Religion

250 take time to pray in Bradenton

BRADENTON — A recent ruling by a Wisconsin federal judge that National Day of Prayer is unconstitutional is not yet law. If it were, Thursday’s local prayer event on government grounds may not have happened.

No one is sure if it was defiance over U.S. District Judge Barbara Crabb’s ruling or just a perception that prayer is needed in the public domain, but 250 people joined together for National Day of Prayer 2010 at the historic Manatee County Courthouse in downtown Bradenton.

Crabb’s ruling, which probably will be tested under appeal, wasn’t mentioned during the Bradenton event, where 10 speakers called on a higher power to help during troubled times in America.

Shirley Groover-Bryant, the mayor of Palmetto, prayed for government, Major General Richard Haynes prayed for the military and Anthony Murfin prayed for businesses.

The Rev. Joey Mimbs, president of the Manatee County Ministries Association, prayed for churches, and Marlene Campana of Marriage Builders, prayed for families. Dan Van der Kooy, the superintendent of Bradenton Christian School, prayed for education.

Douglas Poll of radio station LIFE 89.1, prayed for the media.

During his prayer, Haynes asked that American soldiers be protected from being taken by surprise and to give them peace and patience. He asked for the same thing for their families.

Murfin asked business owners rely on hope and truth in their dealings.

“Let your sovereign hand guide them in their decisions,” Murfin said.

The chance to pray outside in a large group was appealing to Lynn Passfield, who used her lunch hour to drive from Interstate 75 and University Parkway.

“I came for the corporate prayer,” said Passfield.

“America was built on God and prayer and if you take away that foundation you will have corruption,” Passfield said when asked about her view of Judge Crabb’s opinion.

There didn’t appear to be any obvious support for Crabb’s ruling in the audience.

Crabb’s opinion, which stated that government can no sooner encourage citizens to attend a synagogue, fast during Ramadan or practice magic than to allow a day of prayer, does not account that prayer is an American institution, grandfathered in even before law, said Bradenton’s Mollie Thomas, who also sacrificed her lunch hour to join the prayer event under a blazing sun.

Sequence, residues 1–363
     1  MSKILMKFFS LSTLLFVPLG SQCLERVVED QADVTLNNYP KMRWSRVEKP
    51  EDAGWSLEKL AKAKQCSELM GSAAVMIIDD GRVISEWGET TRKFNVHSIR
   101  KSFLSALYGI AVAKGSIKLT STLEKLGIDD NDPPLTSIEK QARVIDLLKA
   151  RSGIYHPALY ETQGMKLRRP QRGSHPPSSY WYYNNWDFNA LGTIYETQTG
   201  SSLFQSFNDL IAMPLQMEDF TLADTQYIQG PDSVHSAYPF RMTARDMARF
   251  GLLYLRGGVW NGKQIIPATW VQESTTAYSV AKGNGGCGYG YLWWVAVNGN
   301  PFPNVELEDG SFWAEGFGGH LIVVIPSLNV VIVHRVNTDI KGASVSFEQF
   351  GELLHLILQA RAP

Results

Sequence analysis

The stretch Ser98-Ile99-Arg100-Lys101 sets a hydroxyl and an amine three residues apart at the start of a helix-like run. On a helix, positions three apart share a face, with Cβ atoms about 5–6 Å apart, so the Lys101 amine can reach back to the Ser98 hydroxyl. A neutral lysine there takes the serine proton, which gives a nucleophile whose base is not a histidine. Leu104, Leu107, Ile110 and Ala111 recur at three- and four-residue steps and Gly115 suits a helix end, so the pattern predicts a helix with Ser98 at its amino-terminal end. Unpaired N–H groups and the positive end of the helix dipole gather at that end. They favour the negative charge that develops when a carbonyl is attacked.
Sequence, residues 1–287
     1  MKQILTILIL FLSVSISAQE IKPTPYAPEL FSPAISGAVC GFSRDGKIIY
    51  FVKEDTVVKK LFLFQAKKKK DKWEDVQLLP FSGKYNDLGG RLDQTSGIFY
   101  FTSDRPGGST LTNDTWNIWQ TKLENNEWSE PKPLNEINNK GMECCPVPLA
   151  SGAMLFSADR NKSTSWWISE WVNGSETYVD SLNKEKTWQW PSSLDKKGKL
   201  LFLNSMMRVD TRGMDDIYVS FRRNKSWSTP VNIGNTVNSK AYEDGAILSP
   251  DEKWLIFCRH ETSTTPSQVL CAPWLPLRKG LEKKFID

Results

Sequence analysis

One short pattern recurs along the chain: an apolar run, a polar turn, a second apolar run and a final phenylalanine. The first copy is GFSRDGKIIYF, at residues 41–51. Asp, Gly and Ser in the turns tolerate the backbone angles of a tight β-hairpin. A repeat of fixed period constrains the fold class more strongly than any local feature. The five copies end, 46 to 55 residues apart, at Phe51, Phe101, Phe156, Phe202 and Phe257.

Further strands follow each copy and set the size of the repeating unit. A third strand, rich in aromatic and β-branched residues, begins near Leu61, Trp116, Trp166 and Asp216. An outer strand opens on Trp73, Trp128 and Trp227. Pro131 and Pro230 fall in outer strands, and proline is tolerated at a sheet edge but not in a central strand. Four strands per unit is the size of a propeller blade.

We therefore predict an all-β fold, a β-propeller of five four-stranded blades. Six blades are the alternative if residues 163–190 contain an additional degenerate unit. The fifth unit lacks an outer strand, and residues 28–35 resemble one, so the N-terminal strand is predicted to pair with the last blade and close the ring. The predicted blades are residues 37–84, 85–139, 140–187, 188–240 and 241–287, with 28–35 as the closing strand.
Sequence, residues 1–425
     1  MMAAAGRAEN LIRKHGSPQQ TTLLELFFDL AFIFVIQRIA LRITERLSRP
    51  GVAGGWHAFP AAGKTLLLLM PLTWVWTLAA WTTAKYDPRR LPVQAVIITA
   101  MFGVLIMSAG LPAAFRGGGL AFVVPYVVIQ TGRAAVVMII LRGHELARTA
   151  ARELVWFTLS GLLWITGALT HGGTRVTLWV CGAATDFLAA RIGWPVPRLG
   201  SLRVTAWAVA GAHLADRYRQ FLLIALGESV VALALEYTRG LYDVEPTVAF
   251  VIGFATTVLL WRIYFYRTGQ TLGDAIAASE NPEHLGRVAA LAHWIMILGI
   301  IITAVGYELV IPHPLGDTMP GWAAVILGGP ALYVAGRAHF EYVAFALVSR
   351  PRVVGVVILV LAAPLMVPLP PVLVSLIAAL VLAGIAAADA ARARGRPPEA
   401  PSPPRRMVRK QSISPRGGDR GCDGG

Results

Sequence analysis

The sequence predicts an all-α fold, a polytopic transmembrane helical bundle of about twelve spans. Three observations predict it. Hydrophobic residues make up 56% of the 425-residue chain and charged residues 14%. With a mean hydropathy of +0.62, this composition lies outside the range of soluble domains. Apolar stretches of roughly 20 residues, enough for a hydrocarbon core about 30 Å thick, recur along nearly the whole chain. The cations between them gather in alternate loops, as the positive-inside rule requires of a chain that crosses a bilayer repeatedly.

“This country was built on Christian values, so to try and separate America from those values now would be asking for trouble,” Thomas said. “If you take God away from me, I am still alive physically, but I have died a spiritual death.”

Crabb’s ruling is confusing given that a bill creating a National Day of Prayer was passed unanimously by Congress and signed into law by President Harry Truman in April 1952, said Lexi Taylor of Manatee Religious Services.

“I don’t understand how she can make such a ruling considering Congress established National Day of Prayer.” Taylor said.

Unconstitutional or not, the event got off to a rousing start.

Bill Pierson of the Ministerial Fellowship of the Gulf Coast walked in front of the crowd and blew several blasts on a shofar, a ram’s horn used in Jewish religious ceremonies.

“In the Bible, it is mentioned that the shofar is used to call citizens to a spot where the Lord will come and fight on their side,” Pierson said later. “I find that symbolic of what we are doing on National Day of Prayer.”

Twelve members from Master’s Commission Bible College at Church on the Rock in Palmetto came to the prayer event after their teacher canceled class so they could attend.

“There are a lot of people hurting and a lot of people feeling lost,” said Nicole Molignano of Master’s Commission. “I think we need to be a light for them.”

Richard Dymond, Herald reporter, can be reached at 748-0411, Ext. 6686.

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